Beauty Beware: History’s 4 Most Dangerous Cosmetics

by Marisa Amorasak

dangerous cosmetics

If the cliché “beauty is pain” sentiment were taken literally, it would probably result in a lineup of throwback cosmetics. Materials like arsenic, lead, and other poisons were commonly used throughout history for beautification purposes. Most of these uses can be blamed on a lack of scientific advancement, but there’s at least one that was dually used for both glamour and murder. That’s right, some of these products are so dangerous that they were actually used to kill.

1. Belladonna Eyedrops. Belladonna is a mysterious plant that often shows up in Greek mythology, and is even said to be the active ingredient in ancient Wiccan “flying ointment,” which enabled witches to fly. Its Italian translation is “beautiful woman,” due to its use by Italian women to dilate their pupils for an innocent, child-like look. A couple of drops of this muscarinic antagonist cuts off neuron function and daily use can lead to death. Belladonna was also previously used as a local anesthetic and as a recreational drug. Thankfully, Belladonna is not used in today’s beauty products.

2. Aqua Tofana. In the 17th century, Giulia Tofana made a fortune selling her miracle powder to the residents of Palermo, Naples, and Rome. Aqua Tofana made the faces and décolletage of upper-class women look paler. This porcelain look was favored throughout the Early Modern period in Europe, when dark or tanned skin suggested that a person took part in lowly outdoor labor. Aqua Tofana was made of arsenic, a toxic element known to cause convulsions, liver failure, and eventually death. Historians believe that Lady Tofana was well aware of her product’s duality, as she told her clients to only apply the product in the presence of their undesirable husbands. Aqua Tofana is said to have caused over 600 deaths, including the deaths of six of Giulia’s husbands. She was eventually convicted and executed. Arsenic is still used in small amounts in contemporary cosmetics, often under the guise of “unintentional cosmetics.” It’s legal, and can be found in products by MAC, Laura Mercier, and Sephora.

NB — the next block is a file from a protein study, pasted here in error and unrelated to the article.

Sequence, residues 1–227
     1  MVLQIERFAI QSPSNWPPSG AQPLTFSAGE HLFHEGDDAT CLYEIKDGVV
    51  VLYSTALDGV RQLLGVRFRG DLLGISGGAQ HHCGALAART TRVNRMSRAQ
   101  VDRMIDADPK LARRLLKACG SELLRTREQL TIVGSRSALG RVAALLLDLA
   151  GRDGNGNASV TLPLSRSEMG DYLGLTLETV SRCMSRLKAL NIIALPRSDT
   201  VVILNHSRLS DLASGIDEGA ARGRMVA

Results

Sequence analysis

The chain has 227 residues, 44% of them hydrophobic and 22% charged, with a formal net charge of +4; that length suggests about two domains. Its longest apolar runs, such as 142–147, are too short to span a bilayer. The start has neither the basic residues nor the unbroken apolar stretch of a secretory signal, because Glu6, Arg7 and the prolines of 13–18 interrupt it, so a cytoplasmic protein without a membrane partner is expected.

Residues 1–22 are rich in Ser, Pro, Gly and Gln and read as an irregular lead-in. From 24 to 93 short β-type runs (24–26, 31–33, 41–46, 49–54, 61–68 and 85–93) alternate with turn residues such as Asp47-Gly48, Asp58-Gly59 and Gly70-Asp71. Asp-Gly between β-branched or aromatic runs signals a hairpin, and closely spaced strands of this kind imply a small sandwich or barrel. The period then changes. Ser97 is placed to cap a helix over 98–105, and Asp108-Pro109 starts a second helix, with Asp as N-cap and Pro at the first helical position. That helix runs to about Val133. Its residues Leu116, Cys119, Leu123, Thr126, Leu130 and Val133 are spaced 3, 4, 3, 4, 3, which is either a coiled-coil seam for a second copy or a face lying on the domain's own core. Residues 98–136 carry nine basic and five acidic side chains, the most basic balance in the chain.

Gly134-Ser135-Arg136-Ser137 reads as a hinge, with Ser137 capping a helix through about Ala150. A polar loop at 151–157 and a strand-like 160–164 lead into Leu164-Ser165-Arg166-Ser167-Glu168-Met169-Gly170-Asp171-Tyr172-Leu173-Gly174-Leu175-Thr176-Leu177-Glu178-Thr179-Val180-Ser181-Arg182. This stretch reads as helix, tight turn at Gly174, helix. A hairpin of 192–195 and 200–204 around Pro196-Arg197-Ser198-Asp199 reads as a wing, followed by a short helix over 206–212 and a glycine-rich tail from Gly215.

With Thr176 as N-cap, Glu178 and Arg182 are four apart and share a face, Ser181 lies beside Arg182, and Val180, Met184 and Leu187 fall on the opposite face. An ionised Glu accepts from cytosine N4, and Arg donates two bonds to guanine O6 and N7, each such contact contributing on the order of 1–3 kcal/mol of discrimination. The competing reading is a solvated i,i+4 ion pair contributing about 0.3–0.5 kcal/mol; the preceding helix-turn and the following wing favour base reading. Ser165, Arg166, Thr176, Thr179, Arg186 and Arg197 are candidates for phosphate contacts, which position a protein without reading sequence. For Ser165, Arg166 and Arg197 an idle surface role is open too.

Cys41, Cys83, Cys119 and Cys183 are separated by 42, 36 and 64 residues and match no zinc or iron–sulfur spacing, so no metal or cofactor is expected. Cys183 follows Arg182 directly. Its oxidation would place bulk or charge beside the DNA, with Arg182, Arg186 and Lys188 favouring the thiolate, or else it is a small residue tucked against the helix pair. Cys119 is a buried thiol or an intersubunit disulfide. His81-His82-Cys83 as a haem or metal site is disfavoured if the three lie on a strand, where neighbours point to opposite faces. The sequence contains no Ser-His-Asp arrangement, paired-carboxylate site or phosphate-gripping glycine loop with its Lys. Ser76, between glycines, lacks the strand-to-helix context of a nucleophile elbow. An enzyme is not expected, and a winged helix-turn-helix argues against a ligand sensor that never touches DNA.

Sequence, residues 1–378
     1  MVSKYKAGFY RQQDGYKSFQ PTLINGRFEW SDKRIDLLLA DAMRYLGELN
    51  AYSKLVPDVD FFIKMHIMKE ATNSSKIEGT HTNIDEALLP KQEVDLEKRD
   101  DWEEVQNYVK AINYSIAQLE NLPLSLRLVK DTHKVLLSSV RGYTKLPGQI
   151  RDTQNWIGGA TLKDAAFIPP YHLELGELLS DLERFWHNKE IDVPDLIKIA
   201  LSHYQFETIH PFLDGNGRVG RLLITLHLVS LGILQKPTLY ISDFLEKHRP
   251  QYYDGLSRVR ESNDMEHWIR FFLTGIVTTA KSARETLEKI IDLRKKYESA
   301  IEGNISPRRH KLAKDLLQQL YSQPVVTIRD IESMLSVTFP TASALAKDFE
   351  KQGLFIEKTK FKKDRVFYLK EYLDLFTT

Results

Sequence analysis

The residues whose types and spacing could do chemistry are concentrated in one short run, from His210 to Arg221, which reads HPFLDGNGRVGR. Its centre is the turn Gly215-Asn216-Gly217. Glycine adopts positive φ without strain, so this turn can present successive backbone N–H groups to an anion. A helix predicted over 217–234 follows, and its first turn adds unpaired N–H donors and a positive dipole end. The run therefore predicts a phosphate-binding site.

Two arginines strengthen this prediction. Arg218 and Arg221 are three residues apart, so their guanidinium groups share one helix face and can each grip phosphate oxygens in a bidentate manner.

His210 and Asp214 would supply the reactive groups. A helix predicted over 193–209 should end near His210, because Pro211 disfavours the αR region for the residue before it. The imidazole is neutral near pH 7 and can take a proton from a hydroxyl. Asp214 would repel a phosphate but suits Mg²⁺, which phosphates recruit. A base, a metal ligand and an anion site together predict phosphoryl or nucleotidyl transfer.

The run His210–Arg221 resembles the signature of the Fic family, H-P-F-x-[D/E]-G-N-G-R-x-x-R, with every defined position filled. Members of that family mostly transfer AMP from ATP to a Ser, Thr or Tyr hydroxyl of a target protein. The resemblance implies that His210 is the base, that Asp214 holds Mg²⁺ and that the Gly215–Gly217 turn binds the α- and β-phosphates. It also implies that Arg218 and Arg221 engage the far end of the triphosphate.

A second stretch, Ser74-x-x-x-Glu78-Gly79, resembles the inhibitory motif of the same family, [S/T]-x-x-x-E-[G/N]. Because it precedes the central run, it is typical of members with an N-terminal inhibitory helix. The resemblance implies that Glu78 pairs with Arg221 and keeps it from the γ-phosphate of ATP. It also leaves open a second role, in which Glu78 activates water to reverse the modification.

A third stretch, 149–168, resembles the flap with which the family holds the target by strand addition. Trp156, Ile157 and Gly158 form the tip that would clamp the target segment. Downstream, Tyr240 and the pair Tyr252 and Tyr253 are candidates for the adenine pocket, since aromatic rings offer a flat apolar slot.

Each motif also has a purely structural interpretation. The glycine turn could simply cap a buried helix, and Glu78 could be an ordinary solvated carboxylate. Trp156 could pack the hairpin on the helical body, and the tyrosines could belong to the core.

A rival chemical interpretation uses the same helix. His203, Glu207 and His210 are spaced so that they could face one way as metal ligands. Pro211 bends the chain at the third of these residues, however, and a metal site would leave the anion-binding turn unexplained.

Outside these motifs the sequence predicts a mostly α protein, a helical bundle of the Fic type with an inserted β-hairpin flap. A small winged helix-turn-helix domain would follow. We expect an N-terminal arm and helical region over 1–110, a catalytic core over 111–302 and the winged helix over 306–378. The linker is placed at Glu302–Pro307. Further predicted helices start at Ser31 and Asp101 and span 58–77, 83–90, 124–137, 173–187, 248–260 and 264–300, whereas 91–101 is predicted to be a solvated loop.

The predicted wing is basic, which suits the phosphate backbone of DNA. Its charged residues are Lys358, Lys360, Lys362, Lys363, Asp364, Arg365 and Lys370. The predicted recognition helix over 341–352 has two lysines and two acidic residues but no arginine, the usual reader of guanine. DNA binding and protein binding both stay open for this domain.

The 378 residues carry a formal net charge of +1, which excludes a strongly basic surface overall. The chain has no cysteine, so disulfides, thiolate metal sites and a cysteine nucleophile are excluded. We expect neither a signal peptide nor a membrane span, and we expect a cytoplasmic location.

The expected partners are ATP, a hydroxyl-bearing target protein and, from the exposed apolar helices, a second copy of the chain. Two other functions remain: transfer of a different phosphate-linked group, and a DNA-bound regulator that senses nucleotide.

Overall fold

3. Skin Lightening Cream Mercury was used extensively in ancient times for medical and cosmetic purposes, before people discovered that the toxic element could cause disfiguration and death. While Chinese emperor Qín Shi Huáng Dì died from drinking mercury in a quest for eternal life (and was then buried in the element), Mercury is still quite common in modern cosmetics. Mercury’s corrosive properties make it a favorite for skin-lightening products in developing countries. These products easily make their way stateside via online sales. There are much safer ways to effectively lighten your overall skin tone (if that’s what you want) or to treat hyperpigmentation and dark spots— microdermabrasion and hydroquinone cream are among the most popular.

4. Lead Lipstick. Like Mercury, lead has a solid history of cosmetic usage that continues to this day. Primal eyeliner began with the Egyptians, who famously used lead and kohl to rim their eyes. Although cosmetics aren’t meant to be ingested, trace amounts can be absorbed through the eyes, skin, and even more notably the mouth. Signs of lead ingestion include irritability, insomnia and mental decrease. In the 1990s, concerns about lead content in lipstick gave rise to multiple studies conducted by the FDA. As recently as 2012, the FDA stated that the lead in cosmetics was no cause for concern for two reasons: 1.) the average lead amount in a survey of 400 lipsticks was 1.1 ppm (parts per million) and 2.) people shouldn’t be eating their lipstick, anyway. The FDA’s findings are interesting because some of the industry’s most popular lipsticks have much higher lead content than the average. Maybelline and L’Oreal are frequent offenders, with their lipsticks reaching up to 7.9 ppm and 7.0 ppm, respectively. Fortunately, today’s laws require ingredient lists be readily available for all consumers.